I was talking about a future story with an editor and this column came to mind—you know a subject has affected you when you remember the name of somebody from a story after 20 years. I certainly remember Riva Feldsher.
When Riva Feldsher got a letter from the government telling her that the $ 484 monthly check she lives on would stop coming in 90 days, she wasn't upset.
The letter was written in English. Feldsher, a Russian immigrant, can't read English.
Had the letter been written in Russian it wouldn't have made a difference because Feldsher, 83, is nearly blind after a stroke several years ago.
Once the news was explained to her, Feldsher reacted with resignation.
"What am I going to do?" she said through an interpreter. "I am an old person. The only choice I have is to go on the street and die there."
Feldsher is one of about 22,000 elderly or disabled Illinois immigrants—10,500 over age 75—facing a similar prospect over the next several months, as government subsidies are taken away from them in the name of welfare reform.
"It is going to be devastating," said Barbara Otto, executive director of the SSI Coalition for a Responsible Safety Net. "People count on this monthly cash assistant to pay for housing, clothing, food."
Karen Popowski, executive director of the Polish American Association, called the cuts "a national tragedy in the making."
"It seems unreasonable and inhumane to achieve cost savings by denying subsistence benefits to elderly and disabled legal immigrants," she said.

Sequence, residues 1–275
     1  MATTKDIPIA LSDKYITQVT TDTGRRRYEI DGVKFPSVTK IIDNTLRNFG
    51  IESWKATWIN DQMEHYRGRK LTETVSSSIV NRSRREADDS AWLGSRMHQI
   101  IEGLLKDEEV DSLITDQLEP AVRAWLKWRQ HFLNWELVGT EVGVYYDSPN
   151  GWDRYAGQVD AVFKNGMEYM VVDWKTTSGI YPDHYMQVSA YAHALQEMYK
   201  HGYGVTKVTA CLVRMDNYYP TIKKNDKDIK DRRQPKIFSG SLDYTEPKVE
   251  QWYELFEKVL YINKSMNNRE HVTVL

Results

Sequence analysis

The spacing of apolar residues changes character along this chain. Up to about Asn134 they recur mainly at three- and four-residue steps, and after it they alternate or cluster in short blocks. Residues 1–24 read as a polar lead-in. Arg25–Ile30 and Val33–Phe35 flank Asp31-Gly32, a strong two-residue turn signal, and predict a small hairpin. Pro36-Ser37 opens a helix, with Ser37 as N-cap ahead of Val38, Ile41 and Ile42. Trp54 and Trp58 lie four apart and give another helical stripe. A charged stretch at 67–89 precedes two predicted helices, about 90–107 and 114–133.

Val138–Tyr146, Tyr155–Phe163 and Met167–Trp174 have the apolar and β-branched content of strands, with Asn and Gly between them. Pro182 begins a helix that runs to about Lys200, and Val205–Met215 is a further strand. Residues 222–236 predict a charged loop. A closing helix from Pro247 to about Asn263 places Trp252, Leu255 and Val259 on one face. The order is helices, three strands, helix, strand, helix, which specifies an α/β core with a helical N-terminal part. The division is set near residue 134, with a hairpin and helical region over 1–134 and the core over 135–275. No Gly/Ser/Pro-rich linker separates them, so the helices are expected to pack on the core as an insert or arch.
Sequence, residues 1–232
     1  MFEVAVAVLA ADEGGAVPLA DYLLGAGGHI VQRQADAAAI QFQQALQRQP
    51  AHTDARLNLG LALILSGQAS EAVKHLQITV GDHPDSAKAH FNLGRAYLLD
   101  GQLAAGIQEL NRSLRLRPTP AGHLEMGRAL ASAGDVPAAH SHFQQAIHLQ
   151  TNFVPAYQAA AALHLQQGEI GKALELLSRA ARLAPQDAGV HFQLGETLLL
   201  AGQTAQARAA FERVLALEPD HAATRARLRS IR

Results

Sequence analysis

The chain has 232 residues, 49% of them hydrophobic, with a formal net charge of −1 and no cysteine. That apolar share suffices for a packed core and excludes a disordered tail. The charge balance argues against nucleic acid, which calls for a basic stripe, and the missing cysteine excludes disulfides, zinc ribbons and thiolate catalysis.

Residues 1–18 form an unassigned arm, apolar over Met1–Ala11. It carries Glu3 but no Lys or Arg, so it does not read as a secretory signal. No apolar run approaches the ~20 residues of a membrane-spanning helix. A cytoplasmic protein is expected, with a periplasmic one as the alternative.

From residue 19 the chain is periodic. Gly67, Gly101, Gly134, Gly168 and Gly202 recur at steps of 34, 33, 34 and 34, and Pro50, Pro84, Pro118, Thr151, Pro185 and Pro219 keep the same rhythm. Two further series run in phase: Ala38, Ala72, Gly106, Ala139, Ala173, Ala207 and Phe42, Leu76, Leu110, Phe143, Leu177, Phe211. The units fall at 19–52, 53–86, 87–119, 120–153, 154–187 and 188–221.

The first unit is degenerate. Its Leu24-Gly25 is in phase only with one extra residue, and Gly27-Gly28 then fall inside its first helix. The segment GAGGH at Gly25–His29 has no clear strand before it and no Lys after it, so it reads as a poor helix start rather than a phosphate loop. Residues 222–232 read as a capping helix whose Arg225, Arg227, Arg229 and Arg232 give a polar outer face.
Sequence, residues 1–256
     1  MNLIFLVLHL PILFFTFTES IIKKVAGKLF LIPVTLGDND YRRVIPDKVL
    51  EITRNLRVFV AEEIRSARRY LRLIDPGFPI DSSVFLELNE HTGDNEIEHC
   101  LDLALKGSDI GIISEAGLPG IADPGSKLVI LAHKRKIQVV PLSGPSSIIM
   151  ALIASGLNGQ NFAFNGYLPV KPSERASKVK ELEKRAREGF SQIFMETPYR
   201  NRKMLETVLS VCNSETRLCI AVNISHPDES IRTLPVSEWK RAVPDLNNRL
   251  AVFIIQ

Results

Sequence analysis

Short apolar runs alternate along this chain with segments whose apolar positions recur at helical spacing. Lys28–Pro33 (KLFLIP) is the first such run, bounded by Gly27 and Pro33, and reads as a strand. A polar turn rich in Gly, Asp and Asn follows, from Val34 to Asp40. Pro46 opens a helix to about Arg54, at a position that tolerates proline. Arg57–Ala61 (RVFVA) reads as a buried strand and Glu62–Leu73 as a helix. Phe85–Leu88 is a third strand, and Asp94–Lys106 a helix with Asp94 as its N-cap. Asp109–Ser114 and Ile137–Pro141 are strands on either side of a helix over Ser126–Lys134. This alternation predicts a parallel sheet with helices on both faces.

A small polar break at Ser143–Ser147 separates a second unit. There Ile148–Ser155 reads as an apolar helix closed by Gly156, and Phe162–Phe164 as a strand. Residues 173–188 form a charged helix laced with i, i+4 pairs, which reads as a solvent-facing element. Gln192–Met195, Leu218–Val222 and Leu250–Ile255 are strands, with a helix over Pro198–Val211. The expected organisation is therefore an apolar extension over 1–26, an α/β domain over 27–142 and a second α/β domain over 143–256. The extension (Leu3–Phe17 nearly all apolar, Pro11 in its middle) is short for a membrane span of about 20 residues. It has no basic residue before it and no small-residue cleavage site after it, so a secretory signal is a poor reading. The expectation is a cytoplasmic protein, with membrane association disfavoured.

Two federal programs are affected by the cuts—Supplemental Security Income, or SSI, and food stamps. Last August, President Clinton signed the welfare bill, and it will go into effect between April 1 and the end of August.
Chicago's Latino Institute estimated that the state will lose $ 130 million a year in federal aid.
"Even if private agencies and religious-based providers fill the gap, there is no way they can replace $ 105 million in lost benefit in Illinois," Otto said. "Absolutely no way."
The Latino Institute and the Jewish Federation of Metropolitan Chicago hired the Urban Institute of Washington, D.C., to study the taxes paid in Illinois by immigrants vs. the benefits they received.
"We found that Illinois immigrants pay $3 million more in taxes than they collect in benefits," said Pamela Seubert, director of government programs for the Jewish Federation. "So ironically, while people talk about immigrants being a burden to society, their tax contributions leave money on the table for the rest of us."
To escape the cuts, immigrants have several options. They can prove they have been employed for a total of 10 years while in the United States; that they are veterans or on active duty in the military, or that they have become U.S. citizens.
None of these options is available to Feldsher, who came to this country in 1991 from Kiev. Her husband and her only son had died, and her younger sister in Chicago was all the family she had left.
Feldsher expected, she said, to enjoy a small stipend similar to the one the Soviet government paid in consideration for the years she worked as a bookkeeper.
Asked if she could learn English and pass the citizenship test, Feldsher hurried to bring out her Stalin-era medals to show she was a hard worker who helped win the war against the Germans.
"She is worried the government thinks she is a thief or a bad person," said Jane Tannenbaum, a social worker assigned to Feldsher. "She does not understand how the government can take away her 'pension' -- she thinks of it as a pension. She takes it very personally."